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Do you think that Smith and Wesson may be testing the waters to see just how much action they get on a non lock model? Given the overall quality of their product and the prices the prelocks are beginning to command, including non lock models could have a tremendous impact on all those who have sworn off smith products due to the lock.


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PostPosted: Mon Oct 08, 2007 3:40 am 
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I really don't want to get into a discussion on the lock/non-lock issue. They went crazy over the issue on the S&W forum. But, to answer the question, I visited Springfield last year and the lock is here to stay. The Model 40 is an exception only because of the grip safety. Does it make sense? No.

Rob

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PostPosted: Sat Oct 13, 2007 5:20 pm 
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Guys,

We got the Centennial dirty today with about 100 rounds.

Image

Image

This was from an honest 7 yards and was the first shots after only putting about 15 rounds through the gun. The groups got better but I didn't have another clean target.

Image

It just gets better and better 8)

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Last edited by Rob Garrett on Sun Oct 14, 2007 10:51 am, edited 1 time in total.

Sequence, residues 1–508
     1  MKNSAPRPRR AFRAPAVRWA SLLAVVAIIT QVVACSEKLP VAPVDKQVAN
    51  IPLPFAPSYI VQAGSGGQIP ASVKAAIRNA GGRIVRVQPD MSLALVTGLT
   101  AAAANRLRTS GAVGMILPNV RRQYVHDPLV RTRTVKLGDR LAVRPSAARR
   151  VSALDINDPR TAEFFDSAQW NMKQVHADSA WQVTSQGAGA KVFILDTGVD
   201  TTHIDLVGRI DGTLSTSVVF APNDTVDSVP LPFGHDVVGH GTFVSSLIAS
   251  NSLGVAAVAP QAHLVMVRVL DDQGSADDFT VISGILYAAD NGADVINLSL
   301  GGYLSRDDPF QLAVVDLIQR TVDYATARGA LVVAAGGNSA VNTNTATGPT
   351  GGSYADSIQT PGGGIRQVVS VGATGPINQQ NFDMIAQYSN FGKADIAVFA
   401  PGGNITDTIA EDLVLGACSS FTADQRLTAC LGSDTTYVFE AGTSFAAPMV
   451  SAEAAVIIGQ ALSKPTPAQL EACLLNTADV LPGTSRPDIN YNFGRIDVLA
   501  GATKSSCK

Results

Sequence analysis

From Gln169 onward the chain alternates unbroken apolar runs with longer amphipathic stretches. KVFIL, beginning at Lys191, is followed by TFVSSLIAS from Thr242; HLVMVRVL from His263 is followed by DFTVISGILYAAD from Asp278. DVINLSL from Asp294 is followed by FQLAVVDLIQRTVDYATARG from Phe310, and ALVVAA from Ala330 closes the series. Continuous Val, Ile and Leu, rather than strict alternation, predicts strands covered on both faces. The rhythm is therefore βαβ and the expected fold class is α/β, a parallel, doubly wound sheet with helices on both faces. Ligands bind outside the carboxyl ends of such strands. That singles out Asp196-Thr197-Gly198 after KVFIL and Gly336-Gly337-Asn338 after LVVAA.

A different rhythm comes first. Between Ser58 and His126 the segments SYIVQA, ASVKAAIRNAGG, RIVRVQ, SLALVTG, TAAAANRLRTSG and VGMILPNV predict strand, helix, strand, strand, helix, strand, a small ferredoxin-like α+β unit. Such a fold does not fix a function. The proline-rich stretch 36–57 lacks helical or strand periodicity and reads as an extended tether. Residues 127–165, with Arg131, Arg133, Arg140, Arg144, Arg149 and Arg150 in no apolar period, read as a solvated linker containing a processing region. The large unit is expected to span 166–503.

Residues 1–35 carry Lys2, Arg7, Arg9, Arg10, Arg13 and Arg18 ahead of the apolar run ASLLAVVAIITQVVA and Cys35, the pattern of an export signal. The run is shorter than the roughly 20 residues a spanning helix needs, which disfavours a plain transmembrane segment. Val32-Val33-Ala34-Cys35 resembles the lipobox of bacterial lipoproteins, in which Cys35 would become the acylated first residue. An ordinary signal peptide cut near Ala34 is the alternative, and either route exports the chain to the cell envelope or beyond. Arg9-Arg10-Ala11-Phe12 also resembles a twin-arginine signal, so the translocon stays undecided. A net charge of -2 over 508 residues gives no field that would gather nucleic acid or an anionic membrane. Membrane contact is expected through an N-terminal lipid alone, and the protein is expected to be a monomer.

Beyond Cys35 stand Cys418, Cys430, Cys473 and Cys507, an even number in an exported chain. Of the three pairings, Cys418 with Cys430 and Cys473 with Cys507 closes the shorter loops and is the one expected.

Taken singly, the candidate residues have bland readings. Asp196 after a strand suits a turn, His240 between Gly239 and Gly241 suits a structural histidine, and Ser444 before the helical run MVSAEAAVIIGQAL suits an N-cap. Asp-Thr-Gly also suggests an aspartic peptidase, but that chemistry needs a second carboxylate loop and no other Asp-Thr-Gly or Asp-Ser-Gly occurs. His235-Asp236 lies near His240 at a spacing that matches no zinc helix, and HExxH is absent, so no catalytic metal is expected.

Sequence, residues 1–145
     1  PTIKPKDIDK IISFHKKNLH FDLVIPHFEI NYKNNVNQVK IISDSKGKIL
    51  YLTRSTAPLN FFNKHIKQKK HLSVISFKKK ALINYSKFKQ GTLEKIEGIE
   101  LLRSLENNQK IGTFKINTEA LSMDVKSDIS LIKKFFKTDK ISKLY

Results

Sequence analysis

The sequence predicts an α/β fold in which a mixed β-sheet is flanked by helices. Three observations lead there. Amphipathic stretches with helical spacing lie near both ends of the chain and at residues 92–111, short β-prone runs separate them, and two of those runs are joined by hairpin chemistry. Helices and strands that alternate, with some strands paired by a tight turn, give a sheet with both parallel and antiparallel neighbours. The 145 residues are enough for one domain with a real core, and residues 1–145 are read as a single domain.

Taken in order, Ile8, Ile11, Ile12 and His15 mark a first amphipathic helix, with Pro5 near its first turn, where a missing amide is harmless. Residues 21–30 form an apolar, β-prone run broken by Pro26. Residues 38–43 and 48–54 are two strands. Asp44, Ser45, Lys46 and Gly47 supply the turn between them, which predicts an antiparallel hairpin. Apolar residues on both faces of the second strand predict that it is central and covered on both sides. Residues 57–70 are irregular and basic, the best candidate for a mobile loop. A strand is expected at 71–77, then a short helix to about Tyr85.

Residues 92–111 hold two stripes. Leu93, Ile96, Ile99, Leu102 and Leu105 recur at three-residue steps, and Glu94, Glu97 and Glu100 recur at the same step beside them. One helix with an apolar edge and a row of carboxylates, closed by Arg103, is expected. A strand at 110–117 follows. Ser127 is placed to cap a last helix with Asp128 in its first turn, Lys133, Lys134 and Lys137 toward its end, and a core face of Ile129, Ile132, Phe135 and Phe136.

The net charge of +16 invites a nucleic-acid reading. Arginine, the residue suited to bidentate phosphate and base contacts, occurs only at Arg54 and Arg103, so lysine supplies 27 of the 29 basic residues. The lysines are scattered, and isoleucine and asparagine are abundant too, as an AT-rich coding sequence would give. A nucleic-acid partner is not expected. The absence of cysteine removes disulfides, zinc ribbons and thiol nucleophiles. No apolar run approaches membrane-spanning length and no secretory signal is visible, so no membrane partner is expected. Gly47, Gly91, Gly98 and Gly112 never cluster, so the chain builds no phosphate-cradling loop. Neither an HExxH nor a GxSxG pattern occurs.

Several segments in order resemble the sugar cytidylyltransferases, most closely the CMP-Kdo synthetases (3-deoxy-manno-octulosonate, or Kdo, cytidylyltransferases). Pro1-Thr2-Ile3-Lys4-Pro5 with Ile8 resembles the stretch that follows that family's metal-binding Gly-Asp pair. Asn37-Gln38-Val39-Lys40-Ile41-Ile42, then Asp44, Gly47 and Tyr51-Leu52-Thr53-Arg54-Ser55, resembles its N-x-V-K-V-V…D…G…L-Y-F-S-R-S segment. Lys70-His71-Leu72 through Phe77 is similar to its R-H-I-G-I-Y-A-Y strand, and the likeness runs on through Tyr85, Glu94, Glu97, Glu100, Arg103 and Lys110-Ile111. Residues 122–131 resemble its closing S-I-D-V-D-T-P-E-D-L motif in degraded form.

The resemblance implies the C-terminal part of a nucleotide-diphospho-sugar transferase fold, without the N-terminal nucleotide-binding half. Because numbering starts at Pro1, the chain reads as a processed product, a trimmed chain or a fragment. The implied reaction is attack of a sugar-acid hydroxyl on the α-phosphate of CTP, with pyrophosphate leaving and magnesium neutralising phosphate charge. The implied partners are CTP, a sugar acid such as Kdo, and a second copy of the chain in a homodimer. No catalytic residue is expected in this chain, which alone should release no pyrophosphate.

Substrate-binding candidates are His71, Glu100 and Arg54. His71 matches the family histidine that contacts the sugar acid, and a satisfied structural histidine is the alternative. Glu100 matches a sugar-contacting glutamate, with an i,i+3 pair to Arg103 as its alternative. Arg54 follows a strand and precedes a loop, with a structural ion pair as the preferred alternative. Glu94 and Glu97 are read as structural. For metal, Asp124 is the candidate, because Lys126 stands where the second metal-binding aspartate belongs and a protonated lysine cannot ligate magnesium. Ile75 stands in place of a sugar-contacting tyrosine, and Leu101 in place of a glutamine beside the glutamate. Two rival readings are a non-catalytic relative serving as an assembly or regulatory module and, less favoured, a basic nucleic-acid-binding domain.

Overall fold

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PostPosted: Sat Oct 13, 2007 8:20 pm 
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not bad...not bad at all :D -cam


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PostPosted: Sun Jan 13, 2008 4:21 pm 
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I just read the article in a magazine and recognized the pictures. I really love the old steel j frames and t-grips even though I grew up on the tail end of the revolver era. The grip safety, which I see as a novelty for the most part, gives this revolver what all S&Ws need most. NO KEY LOCK. I will buy a few as mine have a lot of wear from carry. This will save a few collectors guns from being used for carry and getting the nicks an dings that eventually show up. Since you have enough clout to get them to send you a gun, have them make an L-frame bodyguard airweight in .44 special with out a Ti cylinder. It would make a nice primary belt gun. ala the 296 with a steel cylinder. Great article. I like seeing real target grouping photos.


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PostPosted: Thu Feb 28, 2008 6:16 am 
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I just picked up my new M40 (blued) from my dealer last night. Very neat. I did notice that the grip frame half-moon cutout is a smaller diameter than standard production J-frames - just like the 1950s version.